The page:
A US judge has ordered the company behind a popular stablecoin Tether to verify claims of having substantial cash reserves.
Tether USDT is the largest stablecoin by market capitalization, with more than $60 billion in circulation. Tether has initially alleged that the US dollar backs its stablecoin in 1-1 ratio.
It was reported on Tuesday that Judge Katharine Polk Failla issued a court order asking Tether to provide documents that verify its claims of having enough cash reserves in dollars.
Wall Street Journal further said that Tether has been promising to reveal its reserves and audit as far back as 2017.
However, Tether had come out to declare the Wall Street Journal report as "unsubstantiated conclusions." Speaking further on the WSJ allegations, Tether said that WSJ was trying to "discredit Tether's work on transparent and honest communications to the public."
The court has told Tether that the evidence of having a substantial reserve is necessary to back up Tether's claim of maintaining a treasury that fully backs its stablecoin.
In response to the court order, Tether labelled the court instructions as an order that does not meet the plaintiff's "meritless claims."
The plaintiffs involved in this case are Benjamin Leibowitz, David Leibowitz, Aaron Leibowitz, Jason Leibowitz, and Pinchas Goldstein. The plaintiffs, in this case, are represented by a blockchain law firm, Roche Freedman.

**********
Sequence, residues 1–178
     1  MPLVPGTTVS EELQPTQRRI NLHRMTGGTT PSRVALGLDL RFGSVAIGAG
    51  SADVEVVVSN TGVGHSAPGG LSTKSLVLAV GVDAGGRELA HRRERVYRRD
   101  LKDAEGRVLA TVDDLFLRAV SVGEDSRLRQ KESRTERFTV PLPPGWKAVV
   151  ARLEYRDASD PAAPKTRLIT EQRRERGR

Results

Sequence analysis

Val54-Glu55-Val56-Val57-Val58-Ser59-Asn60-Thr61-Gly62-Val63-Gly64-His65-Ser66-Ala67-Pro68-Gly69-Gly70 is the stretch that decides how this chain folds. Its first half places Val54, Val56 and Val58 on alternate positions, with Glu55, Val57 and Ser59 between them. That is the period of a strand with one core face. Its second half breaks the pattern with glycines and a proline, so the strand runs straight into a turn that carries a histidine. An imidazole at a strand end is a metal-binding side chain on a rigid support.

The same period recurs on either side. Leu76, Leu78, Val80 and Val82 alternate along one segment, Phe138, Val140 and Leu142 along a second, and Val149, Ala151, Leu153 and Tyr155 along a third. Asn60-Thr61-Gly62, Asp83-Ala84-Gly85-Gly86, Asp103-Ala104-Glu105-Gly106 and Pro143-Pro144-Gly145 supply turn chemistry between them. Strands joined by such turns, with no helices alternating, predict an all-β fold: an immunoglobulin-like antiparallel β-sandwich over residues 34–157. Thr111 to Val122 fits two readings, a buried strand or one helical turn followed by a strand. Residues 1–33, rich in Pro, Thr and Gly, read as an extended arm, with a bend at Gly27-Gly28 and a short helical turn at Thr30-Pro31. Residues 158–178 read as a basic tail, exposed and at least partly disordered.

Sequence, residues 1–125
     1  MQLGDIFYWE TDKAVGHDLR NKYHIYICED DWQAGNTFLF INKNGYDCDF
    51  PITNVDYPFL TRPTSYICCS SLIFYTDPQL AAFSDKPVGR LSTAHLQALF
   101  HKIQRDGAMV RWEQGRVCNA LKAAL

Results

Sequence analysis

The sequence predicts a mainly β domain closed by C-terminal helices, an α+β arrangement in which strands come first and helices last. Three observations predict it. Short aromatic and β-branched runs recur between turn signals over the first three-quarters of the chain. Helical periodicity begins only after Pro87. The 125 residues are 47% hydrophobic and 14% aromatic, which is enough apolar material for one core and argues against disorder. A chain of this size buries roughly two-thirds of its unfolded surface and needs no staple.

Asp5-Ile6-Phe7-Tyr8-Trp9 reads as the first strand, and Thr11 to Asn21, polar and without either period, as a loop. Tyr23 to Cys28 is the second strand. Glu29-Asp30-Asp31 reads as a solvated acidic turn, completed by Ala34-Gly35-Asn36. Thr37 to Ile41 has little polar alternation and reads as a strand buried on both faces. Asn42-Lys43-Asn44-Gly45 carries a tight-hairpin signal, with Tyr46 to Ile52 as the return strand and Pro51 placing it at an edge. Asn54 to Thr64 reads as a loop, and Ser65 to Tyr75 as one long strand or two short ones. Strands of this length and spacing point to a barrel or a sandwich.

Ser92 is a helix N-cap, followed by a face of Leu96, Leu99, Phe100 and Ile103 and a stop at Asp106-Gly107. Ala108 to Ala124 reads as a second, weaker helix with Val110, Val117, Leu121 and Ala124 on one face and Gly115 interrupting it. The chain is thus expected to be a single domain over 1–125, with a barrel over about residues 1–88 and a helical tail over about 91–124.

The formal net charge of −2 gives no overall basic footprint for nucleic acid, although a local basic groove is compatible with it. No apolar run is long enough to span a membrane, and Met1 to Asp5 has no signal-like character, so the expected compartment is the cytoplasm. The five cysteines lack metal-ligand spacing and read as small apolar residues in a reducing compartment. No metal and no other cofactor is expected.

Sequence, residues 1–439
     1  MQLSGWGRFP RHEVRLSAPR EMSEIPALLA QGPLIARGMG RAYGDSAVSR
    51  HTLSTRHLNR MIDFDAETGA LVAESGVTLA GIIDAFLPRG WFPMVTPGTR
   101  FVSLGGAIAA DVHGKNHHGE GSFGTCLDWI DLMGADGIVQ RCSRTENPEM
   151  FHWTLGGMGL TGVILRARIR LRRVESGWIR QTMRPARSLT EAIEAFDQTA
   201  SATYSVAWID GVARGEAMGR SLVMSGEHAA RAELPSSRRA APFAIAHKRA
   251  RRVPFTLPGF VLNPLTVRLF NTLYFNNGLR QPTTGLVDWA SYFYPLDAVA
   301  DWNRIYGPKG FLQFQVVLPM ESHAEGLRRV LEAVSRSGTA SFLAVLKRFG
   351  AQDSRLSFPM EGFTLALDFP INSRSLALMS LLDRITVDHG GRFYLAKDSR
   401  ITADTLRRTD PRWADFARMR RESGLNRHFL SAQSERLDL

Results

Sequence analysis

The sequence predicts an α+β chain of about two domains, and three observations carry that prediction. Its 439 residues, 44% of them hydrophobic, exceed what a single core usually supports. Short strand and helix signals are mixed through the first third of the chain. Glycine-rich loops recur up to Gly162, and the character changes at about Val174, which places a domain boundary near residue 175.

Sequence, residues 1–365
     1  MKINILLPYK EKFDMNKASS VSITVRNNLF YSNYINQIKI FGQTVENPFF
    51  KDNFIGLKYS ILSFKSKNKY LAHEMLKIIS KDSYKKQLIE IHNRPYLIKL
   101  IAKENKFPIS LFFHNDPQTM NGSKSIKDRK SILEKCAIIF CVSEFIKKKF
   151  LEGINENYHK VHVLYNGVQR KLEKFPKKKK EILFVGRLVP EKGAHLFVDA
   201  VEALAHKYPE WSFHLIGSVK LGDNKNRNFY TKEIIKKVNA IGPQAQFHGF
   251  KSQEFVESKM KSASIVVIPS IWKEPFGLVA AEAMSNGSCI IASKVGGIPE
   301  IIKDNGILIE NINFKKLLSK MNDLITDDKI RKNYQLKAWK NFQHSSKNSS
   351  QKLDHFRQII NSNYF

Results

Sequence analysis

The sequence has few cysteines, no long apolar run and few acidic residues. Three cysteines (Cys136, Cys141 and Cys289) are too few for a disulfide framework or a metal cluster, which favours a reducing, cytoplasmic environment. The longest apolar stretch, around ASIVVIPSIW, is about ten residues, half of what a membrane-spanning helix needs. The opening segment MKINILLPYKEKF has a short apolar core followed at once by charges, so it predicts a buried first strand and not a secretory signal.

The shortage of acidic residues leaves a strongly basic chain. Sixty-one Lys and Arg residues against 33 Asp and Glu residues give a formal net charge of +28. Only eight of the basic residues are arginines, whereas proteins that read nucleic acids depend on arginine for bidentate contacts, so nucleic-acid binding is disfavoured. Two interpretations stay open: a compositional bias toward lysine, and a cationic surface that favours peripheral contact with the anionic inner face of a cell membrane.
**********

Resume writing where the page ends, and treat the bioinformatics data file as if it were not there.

Experts and critics have reacted to this news, saying that the latest court order might mean bad news for Tether. According to critics, many people think that Tether doesn't actually have the documents that the court requires.
Further Allegations Against Tether Reserve
Wall Street Journal is not the only organization that has made allegations against Tether questioning their reserves.
In 2021, New York Attorney General (NYAG) ended an investigation into tether concerning its reserves and its parent company, Bitfinex. As part of the verdict during the 2021 findings on Tether, the stablecoin was fined $18.5 million along with its parent company.
Speaking on Tether having a verified reserve after the verdict, New York Attorney General said, "Bitfinex and Tether recklessly and unlawfully covered up massive financial losses to keep their scheme going and protect their bottom lines. Tether's claims that its virtual currency was fully backed by US dollars at all times was a lie".
The major occurrence that kicked off the case between NYAG and Tether was after NYAG alleged that Tether had loaned its parent company about $850 million to cover up losses. This led NYAG to question Tether's cash reserves and its authentication.
But after the case ended, Tether clarified to the public that the fine was a measure to stop NYAG from taking further actions.
"The settlement amount we have agreed to pay to the Attorney General's Office should be viewed as a measure of our desire to put this matter behind us and focus on our business," Tether's spokesperson said.